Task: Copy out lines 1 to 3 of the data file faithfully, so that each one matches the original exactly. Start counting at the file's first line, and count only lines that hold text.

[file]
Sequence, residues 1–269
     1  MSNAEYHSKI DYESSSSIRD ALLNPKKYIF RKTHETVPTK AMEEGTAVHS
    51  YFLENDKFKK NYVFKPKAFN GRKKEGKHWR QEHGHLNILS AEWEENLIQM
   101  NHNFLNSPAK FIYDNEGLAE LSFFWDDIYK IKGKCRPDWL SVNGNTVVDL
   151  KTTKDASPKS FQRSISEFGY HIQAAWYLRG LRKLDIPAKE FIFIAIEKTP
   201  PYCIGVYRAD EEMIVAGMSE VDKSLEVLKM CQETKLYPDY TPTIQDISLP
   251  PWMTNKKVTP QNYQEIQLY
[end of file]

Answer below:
Sequence, residues 1–269
     1  MSNAEYHSKI DYESSSSIRD ALLNPKKYIF RKTHETVPTK AMEEGTAVHS
    51  YFLENDKFKK NYVFKPKAFN GRKKEGKHWR QEHGHLNILS AEWEENLIQM